Your lede sets the pace for your story. A brief, breezy lede invites the reader into a story with the promise of a lively pace. A ponderous lede invites the reader to move to the next story, in which case it doesn’t matter how long or how good the rest of your story is.

  • Start early.
    As you’re reporting, think about the lede. Are you observing an exchange that might provide a scene the lede? Did you just hear the fact that belongs in the lede? Don’t lock in on one lede so that you miss a better one that comes up. Use the reporting process as an audition for potential ledes. Write them down as they occur to you, either in your notebook or on the screen.
  • Write as you report.
    After your first interview or two, start writing. You may not have your lede yet, but starting to write gets your mind into the story earlier. Keep writing after subsequent interviews. Write each time as though this is the story. You may write two or three ledes before you’re finished with the story. But have you hurt your story if your seventh paragraph, or your 15th, has as much polish as your lede?
  • Avoid the blank screen.
    Too many writers spend too long laboring over the lede before they get started writing. If you don’t have a good idea for a lede, write a simple declarative sentence and get on with the story: “The School Board meeting discussed education Monday.” Yes, it’s dull. No, you’d never turn that in. But it may get you started and keep you from wasting time staring at the blank screen. Writing the story may help you find your lede. Then you go back and write the better lede.
  • Use story elements.
    Decide which is the strongest element in your story: plot, character, setting, conflict, theme. Your lede should focus on the strongest element. Or perhaps the lede should highlight the intersection of two elements: a character in conflict, perhaps. If plot is the strongest element, beware of starting at the beginning. Newspaper readers and editors may not read long enough to find out how it comes out. Consider starting at the climax, or at least at a critical moment that establishes the conflict.
  • Don’t forget the basics.
    If you’re stuck for a lede, ask which of the five W’s or How is the most important question for this story.
  • Expand on the basics.
    Maybe your lede lies not in one of the five W’s, but in a related question: How much? So what? What next? Why not? Who benefits? Who’s hurt?
  • Write without your notes.
    This is a helpful technique for your whole first draft, but it’s especially helpful in writing the lede. Notes can be a distraction. Go back to them later when you’re checking facts.
  • Get to the point.
    If you use an anecdotal or scene-setting lede that delays your explanation of the underlying issue, introduce or at least allude to the issue in your lede.
  • Entice the reader.
    Don’t treat your lede as a suitcase into which you will cram as much as you can fit. Regard it more like a g-string, brief and enticing. If your lede captures the essence of your story in a few words, the reader will read on to learn the facts. You don’t need them all in the lede. A long lede shows a lack of confidence, like you don’t believe I’ll read the whole story so you have to tell me as much as you can as fast as you can.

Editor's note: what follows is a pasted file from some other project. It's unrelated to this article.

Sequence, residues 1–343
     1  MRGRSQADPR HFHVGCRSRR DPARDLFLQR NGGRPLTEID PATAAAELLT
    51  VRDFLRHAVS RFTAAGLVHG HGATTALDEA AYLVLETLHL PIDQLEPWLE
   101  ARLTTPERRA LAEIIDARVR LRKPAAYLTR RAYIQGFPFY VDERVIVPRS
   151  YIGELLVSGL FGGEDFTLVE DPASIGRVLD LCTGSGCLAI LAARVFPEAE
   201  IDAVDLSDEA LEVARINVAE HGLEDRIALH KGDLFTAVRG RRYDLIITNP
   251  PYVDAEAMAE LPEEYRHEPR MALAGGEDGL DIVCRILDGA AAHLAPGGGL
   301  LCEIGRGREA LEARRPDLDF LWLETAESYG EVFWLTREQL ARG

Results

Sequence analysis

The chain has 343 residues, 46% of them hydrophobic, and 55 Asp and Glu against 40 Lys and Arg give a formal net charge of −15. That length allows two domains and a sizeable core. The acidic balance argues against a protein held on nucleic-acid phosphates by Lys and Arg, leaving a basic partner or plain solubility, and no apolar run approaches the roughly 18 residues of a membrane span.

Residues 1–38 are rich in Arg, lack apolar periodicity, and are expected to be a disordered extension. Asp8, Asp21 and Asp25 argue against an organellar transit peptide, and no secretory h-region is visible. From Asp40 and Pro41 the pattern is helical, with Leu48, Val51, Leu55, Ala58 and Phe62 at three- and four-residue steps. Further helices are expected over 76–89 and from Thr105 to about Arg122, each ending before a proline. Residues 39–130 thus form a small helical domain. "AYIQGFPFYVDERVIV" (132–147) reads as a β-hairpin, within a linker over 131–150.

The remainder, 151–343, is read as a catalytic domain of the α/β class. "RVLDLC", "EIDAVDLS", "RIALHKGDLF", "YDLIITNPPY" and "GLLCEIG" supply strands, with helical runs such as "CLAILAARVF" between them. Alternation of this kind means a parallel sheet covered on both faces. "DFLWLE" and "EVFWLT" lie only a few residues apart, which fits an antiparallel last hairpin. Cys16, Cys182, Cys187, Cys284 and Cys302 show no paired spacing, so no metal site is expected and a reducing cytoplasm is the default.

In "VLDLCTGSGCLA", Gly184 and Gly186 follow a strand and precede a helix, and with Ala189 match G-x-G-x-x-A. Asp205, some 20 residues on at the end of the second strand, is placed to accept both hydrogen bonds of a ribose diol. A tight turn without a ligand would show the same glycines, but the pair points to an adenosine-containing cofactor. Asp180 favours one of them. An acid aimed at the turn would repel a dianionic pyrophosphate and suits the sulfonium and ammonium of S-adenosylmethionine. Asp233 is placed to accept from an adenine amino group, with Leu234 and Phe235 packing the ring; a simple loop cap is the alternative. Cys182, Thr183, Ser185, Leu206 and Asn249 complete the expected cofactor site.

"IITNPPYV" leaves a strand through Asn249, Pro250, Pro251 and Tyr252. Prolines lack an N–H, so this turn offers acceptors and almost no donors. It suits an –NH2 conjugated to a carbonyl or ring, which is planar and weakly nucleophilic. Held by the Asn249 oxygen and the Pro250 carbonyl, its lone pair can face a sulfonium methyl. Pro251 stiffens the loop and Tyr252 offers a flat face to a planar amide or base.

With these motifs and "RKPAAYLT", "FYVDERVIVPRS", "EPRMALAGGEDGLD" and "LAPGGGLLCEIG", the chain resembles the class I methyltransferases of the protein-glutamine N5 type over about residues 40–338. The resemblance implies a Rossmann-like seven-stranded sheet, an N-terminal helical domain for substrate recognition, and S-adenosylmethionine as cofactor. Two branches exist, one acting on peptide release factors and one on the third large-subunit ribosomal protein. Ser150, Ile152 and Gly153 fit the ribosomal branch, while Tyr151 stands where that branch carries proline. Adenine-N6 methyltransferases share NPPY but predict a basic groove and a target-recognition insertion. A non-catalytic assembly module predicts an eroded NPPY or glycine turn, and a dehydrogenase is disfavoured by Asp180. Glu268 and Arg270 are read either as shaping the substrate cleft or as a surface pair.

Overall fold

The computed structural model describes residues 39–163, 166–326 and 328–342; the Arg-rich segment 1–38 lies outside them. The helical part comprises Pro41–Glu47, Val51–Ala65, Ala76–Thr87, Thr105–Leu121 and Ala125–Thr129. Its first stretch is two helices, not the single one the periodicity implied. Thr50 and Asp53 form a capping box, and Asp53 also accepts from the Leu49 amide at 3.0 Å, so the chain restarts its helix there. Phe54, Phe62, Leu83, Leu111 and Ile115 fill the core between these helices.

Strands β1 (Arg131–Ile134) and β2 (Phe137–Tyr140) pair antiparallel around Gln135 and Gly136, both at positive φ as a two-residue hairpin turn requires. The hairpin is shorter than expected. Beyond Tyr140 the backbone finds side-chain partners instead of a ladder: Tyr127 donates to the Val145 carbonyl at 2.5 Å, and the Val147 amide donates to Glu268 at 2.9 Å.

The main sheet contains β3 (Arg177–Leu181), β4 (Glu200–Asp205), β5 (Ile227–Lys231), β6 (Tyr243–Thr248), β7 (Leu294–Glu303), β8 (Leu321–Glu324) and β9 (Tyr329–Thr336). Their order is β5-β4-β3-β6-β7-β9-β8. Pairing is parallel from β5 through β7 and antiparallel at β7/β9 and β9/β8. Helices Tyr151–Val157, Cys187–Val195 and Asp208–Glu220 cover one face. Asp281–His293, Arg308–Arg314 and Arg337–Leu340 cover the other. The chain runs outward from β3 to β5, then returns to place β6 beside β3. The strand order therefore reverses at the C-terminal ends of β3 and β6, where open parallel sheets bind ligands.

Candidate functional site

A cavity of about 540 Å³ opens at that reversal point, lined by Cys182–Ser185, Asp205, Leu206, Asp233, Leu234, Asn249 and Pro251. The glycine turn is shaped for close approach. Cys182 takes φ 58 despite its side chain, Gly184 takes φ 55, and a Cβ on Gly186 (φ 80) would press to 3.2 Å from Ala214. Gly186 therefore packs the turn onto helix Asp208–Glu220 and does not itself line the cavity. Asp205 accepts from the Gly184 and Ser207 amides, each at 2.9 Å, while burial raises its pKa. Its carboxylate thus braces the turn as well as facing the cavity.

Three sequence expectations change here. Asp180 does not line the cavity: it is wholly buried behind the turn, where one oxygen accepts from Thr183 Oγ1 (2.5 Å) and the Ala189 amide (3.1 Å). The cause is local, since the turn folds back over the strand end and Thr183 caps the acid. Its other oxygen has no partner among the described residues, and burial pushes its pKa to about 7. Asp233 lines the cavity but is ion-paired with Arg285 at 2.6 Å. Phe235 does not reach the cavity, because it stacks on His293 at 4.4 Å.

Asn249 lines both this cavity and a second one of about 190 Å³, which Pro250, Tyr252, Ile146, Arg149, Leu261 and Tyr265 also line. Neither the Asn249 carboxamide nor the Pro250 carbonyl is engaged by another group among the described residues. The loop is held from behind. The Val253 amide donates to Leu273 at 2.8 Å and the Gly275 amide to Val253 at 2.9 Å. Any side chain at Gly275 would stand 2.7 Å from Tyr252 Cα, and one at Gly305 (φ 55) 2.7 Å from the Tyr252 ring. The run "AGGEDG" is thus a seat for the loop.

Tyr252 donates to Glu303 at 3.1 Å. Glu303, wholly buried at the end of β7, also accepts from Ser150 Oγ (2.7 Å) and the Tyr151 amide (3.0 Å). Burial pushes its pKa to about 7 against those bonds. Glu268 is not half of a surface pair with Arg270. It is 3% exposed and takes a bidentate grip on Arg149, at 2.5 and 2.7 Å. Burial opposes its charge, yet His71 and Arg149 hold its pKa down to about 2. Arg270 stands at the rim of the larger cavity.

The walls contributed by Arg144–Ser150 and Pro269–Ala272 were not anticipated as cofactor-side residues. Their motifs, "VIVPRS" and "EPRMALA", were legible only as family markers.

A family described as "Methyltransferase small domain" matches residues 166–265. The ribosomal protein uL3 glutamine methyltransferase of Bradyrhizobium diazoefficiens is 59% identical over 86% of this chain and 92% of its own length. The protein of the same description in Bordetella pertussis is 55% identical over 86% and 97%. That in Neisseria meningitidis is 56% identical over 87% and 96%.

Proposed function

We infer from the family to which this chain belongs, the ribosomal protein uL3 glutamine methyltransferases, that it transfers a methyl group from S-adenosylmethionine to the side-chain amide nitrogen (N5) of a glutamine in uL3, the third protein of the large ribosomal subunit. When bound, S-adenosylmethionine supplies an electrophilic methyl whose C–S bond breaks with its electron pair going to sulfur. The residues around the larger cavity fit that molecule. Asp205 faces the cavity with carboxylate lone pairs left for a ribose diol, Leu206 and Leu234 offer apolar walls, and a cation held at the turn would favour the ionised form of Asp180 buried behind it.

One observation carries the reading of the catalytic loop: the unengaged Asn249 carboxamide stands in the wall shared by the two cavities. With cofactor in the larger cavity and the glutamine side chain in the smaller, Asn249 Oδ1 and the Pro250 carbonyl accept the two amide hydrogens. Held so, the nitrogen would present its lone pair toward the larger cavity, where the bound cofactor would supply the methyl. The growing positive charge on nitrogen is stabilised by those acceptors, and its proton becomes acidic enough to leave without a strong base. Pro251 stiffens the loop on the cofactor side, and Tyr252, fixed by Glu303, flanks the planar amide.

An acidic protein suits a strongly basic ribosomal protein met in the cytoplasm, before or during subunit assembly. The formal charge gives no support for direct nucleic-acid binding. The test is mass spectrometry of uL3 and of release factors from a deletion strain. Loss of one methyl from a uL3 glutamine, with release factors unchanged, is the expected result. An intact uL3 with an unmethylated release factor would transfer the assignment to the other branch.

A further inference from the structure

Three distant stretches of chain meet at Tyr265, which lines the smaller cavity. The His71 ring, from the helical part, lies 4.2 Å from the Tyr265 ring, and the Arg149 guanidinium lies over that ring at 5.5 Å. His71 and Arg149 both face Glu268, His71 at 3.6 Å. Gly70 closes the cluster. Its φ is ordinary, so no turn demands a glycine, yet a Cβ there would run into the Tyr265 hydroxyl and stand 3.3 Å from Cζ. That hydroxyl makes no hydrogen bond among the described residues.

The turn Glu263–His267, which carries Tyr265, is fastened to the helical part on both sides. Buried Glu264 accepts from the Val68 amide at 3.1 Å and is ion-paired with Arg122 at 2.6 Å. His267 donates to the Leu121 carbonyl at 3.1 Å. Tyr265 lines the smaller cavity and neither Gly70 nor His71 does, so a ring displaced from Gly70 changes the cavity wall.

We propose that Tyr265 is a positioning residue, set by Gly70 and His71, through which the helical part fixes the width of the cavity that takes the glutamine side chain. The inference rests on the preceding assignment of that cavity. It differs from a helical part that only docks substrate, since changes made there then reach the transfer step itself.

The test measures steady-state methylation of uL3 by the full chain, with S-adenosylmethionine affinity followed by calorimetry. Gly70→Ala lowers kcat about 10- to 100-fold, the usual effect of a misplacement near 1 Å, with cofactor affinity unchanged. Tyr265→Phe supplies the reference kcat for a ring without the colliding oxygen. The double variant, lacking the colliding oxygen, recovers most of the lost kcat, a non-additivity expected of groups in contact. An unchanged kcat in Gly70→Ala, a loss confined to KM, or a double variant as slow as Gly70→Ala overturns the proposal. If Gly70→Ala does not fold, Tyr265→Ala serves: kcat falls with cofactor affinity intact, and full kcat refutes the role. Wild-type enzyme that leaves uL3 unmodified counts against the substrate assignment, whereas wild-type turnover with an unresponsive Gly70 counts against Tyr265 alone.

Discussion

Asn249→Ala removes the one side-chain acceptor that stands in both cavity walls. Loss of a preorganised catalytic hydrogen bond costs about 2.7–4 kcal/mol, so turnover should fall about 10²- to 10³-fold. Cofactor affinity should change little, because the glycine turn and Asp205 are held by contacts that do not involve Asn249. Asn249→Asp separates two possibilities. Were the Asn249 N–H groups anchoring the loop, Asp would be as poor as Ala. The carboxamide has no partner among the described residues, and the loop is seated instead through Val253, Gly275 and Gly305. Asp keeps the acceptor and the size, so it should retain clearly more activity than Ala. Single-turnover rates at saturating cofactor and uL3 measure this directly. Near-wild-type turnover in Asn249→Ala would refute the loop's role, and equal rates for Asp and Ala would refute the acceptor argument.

Strengthening Your Lede

Once you’ve finished the story, go back and strengthen your lede, even if it’s good and especially if it’s long.

  • Challenge every word.
    However long your lede is, consider whether it could be shorter. If it’s longer than 30 words, it’s almost definitely too long. A lede that long has to flow smoothly to work, and few ledes that long flow smoothly. Try writing a lede of 10 words or fewer. Maybe you can’t for this story, but it’s always good to try. Especially if your lede is more than 20 words, challenge each piece of the lede and ask whether that actually has to be in your very first paragraph.
  • Challenge the verbs.
    Are you using the strongest appropriate verb? Is it in active voice? Never use a form of the verb “to be” in your lede without trying some alternatives. Sometimes it’s the only accurate verb, but see if a stronger verb works. Challenge other weak verbs, such as have, do and get.
  • Avoid vague phrases.
    If your lede starts with (or uses) vague phrases such as there are or it is, see if you can rewrite it with strong, specific subjects and verbs.
  • Keep it simple.
    Ask whether you’re trying to tell too much in your lede. Are you answering all the 5 W’s, when a couple could wait till the second graf? Don’t try to cram everything into your lede.
  • Make one point.
    Does your lede have multiple points? If so, perhaps you haven’t decided what the story truly is about. Decide which point is most important and write a lede that makes just that point.
  • Remember the news.
    Does your lede get right to the news? Does it emphasize the news?
  • Stamp out punctuation.
    Many of the best ledes have one piece of punctuation, a period. Regard multiple commas or dashes as red flags. See if you can write a smoother sentence with just one comma or none. If you have lots of punctuation in the lede, read it aloud so you can hear whether it’s choppy or whether it flows smoothly.